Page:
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I'm running a Debian 8.2 vm and trying to execute a file called install.sh.

I've run the following commands:

  • sh ./install.sh
  • sh install.sh
  • apt-get install install.sh

The first two above commands gave me the error "Configuration Absent: Installation Failed". The third command gave me the following output:

Reading package lists... Done
Building dependency tree
Reading state information... Done
E: Unable to locate package install.sh
E: Couldn't find any package by regex 'install.sh'

I've run chmod 700 install.sh to make sure the file CAN be executed.

And I absolutely can't find anything about this type of error.

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    As which user are you attempting to do this? For which user did you set the permissions to rwx? For what program does the install.sh belong? – Timothy Martin Jun 5 '18 at 23:48
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    "Configuration Absent: Installation Failed" sounds like an error from within the script itself - it's going to be hard to help without knowing what the script is and what it is supposed to do – steeldriver Jun 5 '18 at 23:49
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    The 3rd one doesn't do what you think... apt install install.sh will try to install a package named install.sh from Debian's repositories, not a file on your computer. As others have mentioned, it sounds like the first two commands both work. – multithr3at3d Jun 6 '18 at 0:00
  • a .sh is a shell script, so just execute it, with its own permissions or calling a shell to load it ; apt is not for this use. "Configuration absent" really looks like this shell uses an external configuration file for doing something. so if you are lucky developper of this script as given either a --help parameter or commented its script or given a readme file to read. Else, you can ask us to explain the script itself if you copy/paste it on a topic if it is not to big... – francois P Jun 6 '18 at 5:32
  • Let us know where this install.sh script comes from (what software), and also have a read of the installation instructions for that software. It sounds like it either expects you to prepare a configuration file before running the script, or like there is a configuration file somewhere but in a location that the script can't find. – Kusalananda Jun 6 '18 at 5:48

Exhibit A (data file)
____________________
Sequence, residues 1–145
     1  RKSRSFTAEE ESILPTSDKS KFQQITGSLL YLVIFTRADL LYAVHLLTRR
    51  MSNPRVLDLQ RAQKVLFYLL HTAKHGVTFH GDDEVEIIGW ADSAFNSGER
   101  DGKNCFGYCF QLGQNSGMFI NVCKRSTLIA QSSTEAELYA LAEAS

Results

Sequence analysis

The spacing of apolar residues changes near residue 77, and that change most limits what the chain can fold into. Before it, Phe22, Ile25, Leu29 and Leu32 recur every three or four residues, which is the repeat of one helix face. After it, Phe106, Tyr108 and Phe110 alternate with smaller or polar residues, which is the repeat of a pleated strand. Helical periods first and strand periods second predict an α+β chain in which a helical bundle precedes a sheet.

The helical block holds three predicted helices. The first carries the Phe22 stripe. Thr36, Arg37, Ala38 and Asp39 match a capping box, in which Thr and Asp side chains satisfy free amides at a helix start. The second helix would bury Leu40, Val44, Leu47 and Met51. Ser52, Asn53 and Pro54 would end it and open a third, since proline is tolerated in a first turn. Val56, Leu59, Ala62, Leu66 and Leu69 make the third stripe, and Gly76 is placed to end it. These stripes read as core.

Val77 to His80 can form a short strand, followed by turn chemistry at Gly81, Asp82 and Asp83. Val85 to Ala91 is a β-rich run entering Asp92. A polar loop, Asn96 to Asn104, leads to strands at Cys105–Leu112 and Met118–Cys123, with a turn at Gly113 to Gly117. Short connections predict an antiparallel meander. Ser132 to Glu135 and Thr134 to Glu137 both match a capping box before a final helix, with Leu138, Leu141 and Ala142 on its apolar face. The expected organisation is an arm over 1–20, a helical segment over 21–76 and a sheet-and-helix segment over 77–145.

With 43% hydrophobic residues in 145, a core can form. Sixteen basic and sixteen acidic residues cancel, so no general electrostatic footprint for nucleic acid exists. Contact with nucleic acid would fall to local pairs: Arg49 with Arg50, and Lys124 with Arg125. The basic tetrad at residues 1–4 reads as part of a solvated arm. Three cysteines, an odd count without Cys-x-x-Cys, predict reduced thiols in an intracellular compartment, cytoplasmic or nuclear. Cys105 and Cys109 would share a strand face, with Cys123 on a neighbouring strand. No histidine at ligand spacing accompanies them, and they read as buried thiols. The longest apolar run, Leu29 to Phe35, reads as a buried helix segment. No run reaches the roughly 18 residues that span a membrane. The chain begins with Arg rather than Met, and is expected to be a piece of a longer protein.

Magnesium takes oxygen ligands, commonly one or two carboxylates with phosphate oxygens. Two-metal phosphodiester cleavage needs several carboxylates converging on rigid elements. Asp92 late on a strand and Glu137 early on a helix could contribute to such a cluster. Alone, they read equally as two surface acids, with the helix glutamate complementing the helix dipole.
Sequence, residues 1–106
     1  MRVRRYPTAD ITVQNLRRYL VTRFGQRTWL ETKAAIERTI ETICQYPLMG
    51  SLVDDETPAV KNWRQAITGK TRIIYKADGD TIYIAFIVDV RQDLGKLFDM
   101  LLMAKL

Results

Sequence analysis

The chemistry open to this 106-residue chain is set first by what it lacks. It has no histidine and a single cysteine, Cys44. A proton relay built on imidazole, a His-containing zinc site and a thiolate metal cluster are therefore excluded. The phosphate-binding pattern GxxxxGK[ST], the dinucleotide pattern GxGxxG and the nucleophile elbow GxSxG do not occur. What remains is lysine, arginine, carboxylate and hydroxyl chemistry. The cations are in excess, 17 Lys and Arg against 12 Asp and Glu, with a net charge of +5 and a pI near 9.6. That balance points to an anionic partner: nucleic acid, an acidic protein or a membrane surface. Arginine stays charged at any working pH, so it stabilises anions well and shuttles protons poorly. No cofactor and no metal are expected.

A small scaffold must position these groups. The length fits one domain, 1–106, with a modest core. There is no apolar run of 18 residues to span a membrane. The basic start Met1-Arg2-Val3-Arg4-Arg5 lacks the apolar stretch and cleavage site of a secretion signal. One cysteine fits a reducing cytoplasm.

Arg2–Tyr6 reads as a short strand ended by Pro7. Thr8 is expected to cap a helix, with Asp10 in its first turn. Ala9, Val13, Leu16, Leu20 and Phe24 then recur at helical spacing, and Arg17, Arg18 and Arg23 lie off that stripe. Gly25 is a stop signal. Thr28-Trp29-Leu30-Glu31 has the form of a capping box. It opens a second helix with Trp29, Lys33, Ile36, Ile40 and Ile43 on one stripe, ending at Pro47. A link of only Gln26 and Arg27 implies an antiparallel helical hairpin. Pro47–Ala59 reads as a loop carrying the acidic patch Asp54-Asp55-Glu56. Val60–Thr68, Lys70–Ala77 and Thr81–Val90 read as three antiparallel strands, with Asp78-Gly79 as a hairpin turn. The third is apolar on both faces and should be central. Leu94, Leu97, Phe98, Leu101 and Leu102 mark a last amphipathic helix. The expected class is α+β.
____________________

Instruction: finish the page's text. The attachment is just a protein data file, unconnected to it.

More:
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The first two commands will run the script IF it is a shell script. But it might be Python. Or awk. Or a different shell entirely. So to be safe you shouldn't need to mention.sh explicitly, as most well written scripts specify the correct interpreter on the first line.

  1. Make the script executable: chmod a+rx install.sh
  2. Now run it: ./install.sh
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The first command is the correct one (so long as the script is in the current directory). The 3rd command is way off. The 2nd will do the same as the first.

The script is running: This is not an error about not being able to run the script. Some command in the script is failing. But that is all I can tell you, because I don't know what is in the script.

You don't need to make it executable to run it as sh script_name. If it has a first line starting #!… then it is designed to be made executable and run as ./script_name.

If the script relies on bash (or other advanced shell) extensions. Then it may not run in sh

To debug a script (if it is a bash script), you can run it as bash -x script_name


It is recommended not to have extensions on executable: If you were to re-write in python, or C, then you would have to rename it. This is not a good think. (if a file is executable then it is executable. It is responsible for selecting its own interpreter (see #!)).

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